I had half planned to attend the 60th Cannes Film Festival which starts today, then thought better of it. Just glancing at the line-up of foreign films in competition for the Palme d’Or this year makes me feel dyslexic – how suburban of me! – and you should see the Un Certain Regard selection titles: pure drunken Scrabble. But I’m being silly: Cannes is truly international even if the same old directors pop up almost every year – Almodovar, Tarantino, Catherine Breillat, the Coens, Wong Kar Wai, Alexandr Sokurov, Ken Loach et al, et al. The alphas will not permit themselves to be neglected.
In any given year of the many years I attended Cannes habitually, I rarely saw more than three or four competition films. I would get reports from the early morning screenings on whether it was worth spending my midnights in auditorium gloom for the repeat showing. “Thumpers” were to be avoided: throughout these one would hear the thump of sprung seats flipping back as critics made premature exits in disgust. Imagine being a thumper director amidst that din. My preference then (and now) was for the parties, the clubs and crazy antics of Hot d’Or – the porn fest nearby along the Cote d’Azur.
One year a friend of mine was face-raped by a porn star after foolishly going back to his hotel: he agreed not to come in her mouth during the gobble but he did. I spent about three days sorting that crisis out.
Cannes can’t abide racism but your success or failure as a reporting journalist there depends on your colour – that is, the colour of your badge to signify status. From memory, a white badge bestowed aristocratic privilege and hoisted you out of lengthy queues to screenings and pressers. Pink was upper class, and blue a bit sad - hello the Press Association. With the yellow you might as well top up your tan on the beach for all the access you get. As for the pink with a yellow dot – I think that’s a recent elitest subtlety, but I forget.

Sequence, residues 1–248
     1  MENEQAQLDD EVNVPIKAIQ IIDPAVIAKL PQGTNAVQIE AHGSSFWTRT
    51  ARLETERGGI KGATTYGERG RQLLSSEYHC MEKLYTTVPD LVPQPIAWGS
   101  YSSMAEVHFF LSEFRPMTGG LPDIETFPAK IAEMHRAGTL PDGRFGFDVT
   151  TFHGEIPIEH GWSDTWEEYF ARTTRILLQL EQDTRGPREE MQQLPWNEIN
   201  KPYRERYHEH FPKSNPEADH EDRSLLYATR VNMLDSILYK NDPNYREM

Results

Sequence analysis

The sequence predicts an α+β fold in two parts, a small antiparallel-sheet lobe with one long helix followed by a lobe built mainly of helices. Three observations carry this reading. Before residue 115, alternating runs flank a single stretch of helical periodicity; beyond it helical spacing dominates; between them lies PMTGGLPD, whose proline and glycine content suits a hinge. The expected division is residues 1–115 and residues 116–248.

In any case, the movie production companies select the journalists for access to stars according to media status and territorial quotas - whatever your colour. One year I was so determined to interview Emma Thompson I stole a New Zealander’s identity: NZ is a little under represented. The patronising cow was happy to field my questions even though I sound nothing like a New Zealander: it was sufficient that I was sold to her as an ambassador for that region.
By day, my preference was for the Marché du Film – the market – where you could glimpse the movie goodies planned for next year at national stalls. Great for finding stories and bumping into producers and directors. Some people stalk their quarry. I lie in wait, like a tunnel spider.
The man who epitomises Cannes for me is an exotic called Henri Behar: he has moderated the press conferences for years and is endearingly strict in a number of different languages. I should say he was once beautiful. Before each conference he languidly strolls in, trailing nicotine smoke; an exhibition of velvety camp. He may smile at familiar faces among the seated journalists, he may just scribble notes for the introduction of the talent; or may tap the microphones and light another cigarette. He was always quite fearless – he once put down a truculent Russell Crowe with the words “Welcome to Dr Russell and Mr Crowe ….” Even the Aussie bastard laughed.
He knows everyone in Hollywood and without. He is treated by the A-listers as a kind of celluloid guru. Google him and Le Monde comes up, yet I’ve seen little of his published writings: what little has not impressed. One suspects his genius is of the social variety: he’s part of that small select tribe who film festival-hop. Some call it work. Even on the Croisette he proves to be elusive – doubtless a narcoanalyst could part him from a million celebrity secrets. John Blake should hunt that little chap down – Henri’s English is perfect.
Oh, you wanted me to make a comparative study of tous les cinemas du monde at Cannes, did you? Don’t be daft. I may attend Cannes' 61st.